June 5, 2018, Elkhart-
My morning was spent, very well, at Tippecanoe Battlefield Museum
. After viewing a film on this unfortunate event, it occurred to me that, had Tecumseh not been taken in by the British, he may have reached some sort of accommodation with at least enough of the west-bound Americans, that Harrison would be remembered as other than as the President who served the shortest term, before dying of the lingering effects of pneumonia. Tecumseh, also, might have lived to promulgate the Federation of Native Americans that he so treasured. The Prophet might also have figured in the spiritual renaissance of the confederated people.
It was not to be, though, and the Battle of Tippecanoe might easily be regarded as the opening salvo of the War of 1812.
It is commemorated by this obelisk.
This diorama shows a Wea couple, as they may have appeared in their home, at a village similar to Prophetstown.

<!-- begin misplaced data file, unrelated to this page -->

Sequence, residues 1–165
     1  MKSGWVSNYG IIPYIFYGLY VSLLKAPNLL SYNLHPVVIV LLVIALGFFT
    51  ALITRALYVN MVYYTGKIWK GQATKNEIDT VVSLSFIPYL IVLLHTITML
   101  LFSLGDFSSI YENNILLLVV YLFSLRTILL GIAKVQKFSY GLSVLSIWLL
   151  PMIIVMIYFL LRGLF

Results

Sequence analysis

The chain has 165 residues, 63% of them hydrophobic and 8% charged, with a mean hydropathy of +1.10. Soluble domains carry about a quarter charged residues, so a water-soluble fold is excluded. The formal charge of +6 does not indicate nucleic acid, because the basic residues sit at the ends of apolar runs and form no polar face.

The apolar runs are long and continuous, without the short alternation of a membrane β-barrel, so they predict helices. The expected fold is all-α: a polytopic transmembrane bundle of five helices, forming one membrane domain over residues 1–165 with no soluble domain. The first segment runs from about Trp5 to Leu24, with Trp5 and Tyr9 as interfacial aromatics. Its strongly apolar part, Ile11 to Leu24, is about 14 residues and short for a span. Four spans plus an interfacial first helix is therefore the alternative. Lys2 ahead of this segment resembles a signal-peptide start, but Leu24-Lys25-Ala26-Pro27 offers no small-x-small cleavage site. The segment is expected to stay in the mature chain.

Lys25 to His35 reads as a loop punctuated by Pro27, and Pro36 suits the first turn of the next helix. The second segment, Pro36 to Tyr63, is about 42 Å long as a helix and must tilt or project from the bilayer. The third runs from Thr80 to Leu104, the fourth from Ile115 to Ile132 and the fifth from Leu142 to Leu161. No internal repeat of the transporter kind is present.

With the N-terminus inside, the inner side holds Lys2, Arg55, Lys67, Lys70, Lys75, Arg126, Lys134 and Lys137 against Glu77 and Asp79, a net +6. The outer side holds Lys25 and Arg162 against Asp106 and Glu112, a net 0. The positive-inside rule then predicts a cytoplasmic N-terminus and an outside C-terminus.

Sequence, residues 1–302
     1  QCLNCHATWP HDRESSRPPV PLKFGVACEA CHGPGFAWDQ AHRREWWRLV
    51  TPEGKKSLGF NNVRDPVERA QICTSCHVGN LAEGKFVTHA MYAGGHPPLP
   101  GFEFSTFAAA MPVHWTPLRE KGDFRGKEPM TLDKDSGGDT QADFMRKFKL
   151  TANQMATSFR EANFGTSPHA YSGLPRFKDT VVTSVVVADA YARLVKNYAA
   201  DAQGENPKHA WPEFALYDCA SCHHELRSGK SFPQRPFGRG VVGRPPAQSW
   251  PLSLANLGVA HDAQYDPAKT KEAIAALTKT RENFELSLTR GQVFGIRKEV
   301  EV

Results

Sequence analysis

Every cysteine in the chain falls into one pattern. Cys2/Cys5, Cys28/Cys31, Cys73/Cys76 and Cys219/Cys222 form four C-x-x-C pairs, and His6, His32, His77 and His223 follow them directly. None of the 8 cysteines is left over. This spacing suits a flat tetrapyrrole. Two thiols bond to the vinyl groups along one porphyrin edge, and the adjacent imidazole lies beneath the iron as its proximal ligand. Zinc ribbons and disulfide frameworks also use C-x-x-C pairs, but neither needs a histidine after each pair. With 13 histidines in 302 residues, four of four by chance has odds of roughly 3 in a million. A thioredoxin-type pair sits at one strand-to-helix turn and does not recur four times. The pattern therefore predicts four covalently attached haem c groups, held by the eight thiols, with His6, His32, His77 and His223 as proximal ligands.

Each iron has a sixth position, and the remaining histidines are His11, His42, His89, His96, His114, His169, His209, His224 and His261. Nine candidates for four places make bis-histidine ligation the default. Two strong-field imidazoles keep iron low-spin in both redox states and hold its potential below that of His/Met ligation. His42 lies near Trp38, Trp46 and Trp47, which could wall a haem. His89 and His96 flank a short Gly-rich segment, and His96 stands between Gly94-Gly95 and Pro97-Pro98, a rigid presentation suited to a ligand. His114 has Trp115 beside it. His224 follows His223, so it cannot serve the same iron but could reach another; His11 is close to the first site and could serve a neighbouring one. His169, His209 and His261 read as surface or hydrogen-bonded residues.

Nearby, is a more heartening place. The Wabash Heritage Trail stretches from this engaging Nature Center
This surreal scene was taken from behind a one-way mirror. The birds and rodents could not see me, but I think a red-billed woodpecker saw its reflection in the window and rammed the glass with its bill.
After a few minutes of watching the action, I took a 3-mile round trip hike, along the Wabash Heritage Trail, going as far as Barnett Street Bridge. The full trail goes to Fort Ouiatenon, a ruined fort, 13 miles to the south.
Here are some scenes of this northern segment of the trail. It follows Tippecanoe Creek.
Black lace wings kept me company, at various points along the trail.
The creek had to be forded, at one or two points along the trail, but it was more muck than running water, at those points.
Finally, I turned around at Barnett Street.
As it was 87 degrees outside, this was enough. My reward, about three hours later, was a home-cooked meal, courtesy of an old friend-and a new one, who was grill–master for the evening. Then, I found my way to a true Budget Inn, here in Elkhart.